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The first person to test the high-jump apron was Canada's Debbie Brill. As she planted her foot on a qualifying jump, she slipped a yard and jammed her knee. "Nobody had swept off the little lumps of urethane that were loose on the pebbled surface," she said. "Then they came out with scrapers and blowers."
By the time of the dual meet's women's high jump the next day, the apron was ready. Louise Ritter proved it. The 25-year-old Texan, getting better with each jump, won at 6'4¼" and then arched cleanly over an American record of 6'6¾". Immediately, she attempted 6'8", a half inch higher than Ulrike Meyfarth's world standard. She missed twice. "You can do it," said teammate Pam Spencer, who had finished second, on fewer misses, at 6'2¾".
"I guess I can," said Ritter. "Of course I can." She pulled back her hair and ran at the bar. At that moment, just across the track, six Hollywood trumpeters blared into the fanfare of a victory ceremony. Ritter kept going through the racket, but missed narrowly. In the Olympics such an organizational gaffe might be cause for an extra try, but Ritter didn't demand it. "I'd gotten my technique together in the last few clearances," she said. "But it was coming apart again."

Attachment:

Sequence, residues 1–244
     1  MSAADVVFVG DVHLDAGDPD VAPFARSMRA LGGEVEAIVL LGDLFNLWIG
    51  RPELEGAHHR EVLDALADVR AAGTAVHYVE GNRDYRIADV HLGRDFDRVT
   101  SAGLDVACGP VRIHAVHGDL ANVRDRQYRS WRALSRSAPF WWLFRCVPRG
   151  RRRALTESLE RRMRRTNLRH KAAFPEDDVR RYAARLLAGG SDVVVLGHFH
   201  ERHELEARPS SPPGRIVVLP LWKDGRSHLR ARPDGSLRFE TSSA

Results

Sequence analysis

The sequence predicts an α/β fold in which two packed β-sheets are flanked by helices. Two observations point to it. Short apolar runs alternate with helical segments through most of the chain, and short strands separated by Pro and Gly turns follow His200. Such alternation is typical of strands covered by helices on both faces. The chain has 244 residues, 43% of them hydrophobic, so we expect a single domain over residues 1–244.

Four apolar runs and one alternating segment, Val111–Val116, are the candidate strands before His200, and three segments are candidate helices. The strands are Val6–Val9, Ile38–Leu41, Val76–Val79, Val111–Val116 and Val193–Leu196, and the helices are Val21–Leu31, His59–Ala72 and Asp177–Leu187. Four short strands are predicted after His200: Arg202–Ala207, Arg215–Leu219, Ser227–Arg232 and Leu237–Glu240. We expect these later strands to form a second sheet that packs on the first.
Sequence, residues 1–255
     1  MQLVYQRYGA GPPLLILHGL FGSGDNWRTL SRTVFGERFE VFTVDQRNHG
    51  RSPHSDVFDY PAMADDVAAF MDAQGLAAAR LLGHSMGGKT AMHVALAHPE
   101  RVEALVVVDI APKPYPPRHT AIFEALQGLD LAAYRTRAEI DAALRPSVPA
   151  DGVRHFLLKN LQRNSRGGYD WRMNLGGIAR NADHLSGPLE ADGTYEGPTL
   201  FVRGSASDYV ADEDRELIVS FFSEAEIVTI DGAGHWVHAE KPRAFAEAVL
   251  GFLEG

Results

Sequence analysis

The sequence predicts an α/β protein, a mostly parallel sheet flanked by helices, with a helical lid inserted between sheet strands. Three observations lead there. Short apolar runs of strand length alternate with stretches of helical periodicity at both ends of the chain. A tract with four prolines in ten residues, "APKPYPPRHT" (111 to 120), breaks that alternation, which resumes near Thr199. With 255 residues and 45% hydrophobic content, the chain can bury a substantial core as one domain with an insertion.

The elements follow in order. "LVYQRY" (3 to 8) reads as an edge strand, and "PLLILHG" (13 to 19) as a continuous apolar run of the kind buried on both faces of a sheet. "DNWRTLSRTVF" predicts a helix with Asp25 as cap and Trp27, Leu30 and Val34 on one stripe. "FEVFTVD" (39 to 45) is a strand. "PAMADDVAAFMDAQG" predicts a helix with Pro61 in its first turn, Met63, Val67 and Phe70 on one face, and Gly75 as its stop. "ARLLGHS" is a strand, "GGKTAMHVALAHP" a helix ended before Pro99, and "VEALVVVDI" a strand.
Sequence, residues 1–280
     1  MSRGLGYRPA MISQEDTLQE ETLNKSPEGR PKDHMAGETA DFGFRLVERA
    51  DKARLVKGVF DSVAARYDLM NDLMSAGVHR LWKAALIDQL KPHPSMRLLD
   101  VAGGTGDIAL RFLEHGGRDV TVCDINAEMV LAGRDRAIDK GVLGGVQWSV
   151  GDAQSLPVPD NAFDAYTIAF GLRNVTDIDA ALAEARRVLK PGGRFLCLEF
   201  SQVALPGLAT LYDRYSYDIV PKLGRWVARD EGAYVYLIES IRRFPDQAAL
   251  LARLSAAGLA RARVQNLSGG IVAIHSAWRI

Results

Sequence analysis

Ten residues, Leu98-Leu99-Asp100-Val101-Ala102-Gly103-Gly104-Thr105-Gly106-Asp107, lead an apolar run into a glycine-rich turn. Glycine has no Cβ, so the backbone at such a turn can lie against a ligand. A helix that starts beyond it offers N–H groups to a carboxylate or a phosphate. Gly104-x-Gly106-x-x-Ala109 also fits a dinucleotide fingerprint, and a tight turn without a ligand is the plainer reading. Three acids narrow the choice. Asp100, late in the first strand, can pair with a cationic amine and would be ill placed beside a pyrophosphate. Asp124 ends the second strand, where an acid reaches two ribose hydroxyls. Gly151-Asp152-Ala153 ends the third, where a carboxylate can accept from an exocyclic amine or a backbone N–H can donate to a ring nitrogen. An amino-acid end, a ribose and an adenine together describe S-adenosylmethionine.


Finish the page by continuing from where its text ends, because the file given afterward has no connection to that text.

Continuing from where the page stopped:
The first day ended with the 4 X 100 meter relays. The G.D.R. men, grooved and polished, got the most out of their passes, while the U.S. men, on two days' practice, didn't. Willie Gault made up some ground on the third carry, but still presented Carl Lewis with a three-meter deficit. Lewis got the baton, changed hands with it, stumbled a bit, and with 60 meters to go still had those three to make up.
His charge was reminiscent of Bob Hayes's winning anchor in the Tokyo Olympics in 1964. "This was the best I've ever seen," said Mel Rosen, the Auburn coach. "Lewis kept his composure. He kept his form." And he won by half a meter in 38.71, to the G.D.R.'s 38.78. "Well, I was anchor," Lewis said. "I took that responsibility seriously."
"All they had was Lewis," said a frustrated East German sprinter. The same had been said of Hayes. And the rejoinder of Hayes's teammate, Paul Drayton, now came from a voice in the crowd: "He's all we need, pal."
But the U.S. women seemed to need divine intervention. The East German women hadn't lost a 4 X 100 relay since 1978. They set the world record of 41.60 in the Moscow Olympics, and three members of that team were in Los Angeles.
One of them, Koch, led off against Alice Brown, who had been only fourth in the U.S. nationals but who can really barrel around a turn. She did that, and had a meter lead to give Diane Williams.
"I love to run the straight, and I love to catch people," said Williams, who made up three meters of the stagger on two-time Olympic 200 champion Bärbel Wöckel.
Williams then made a slick pass to Chandra Cheeseborough. When Wöckel and Silke Gladisch had a momentary hesitation, Cheese was gone. She had a six-meter lead as she neared Ashford. "Her hand was low. I had to reach. But I got it to her," Cheeseborough said afterward.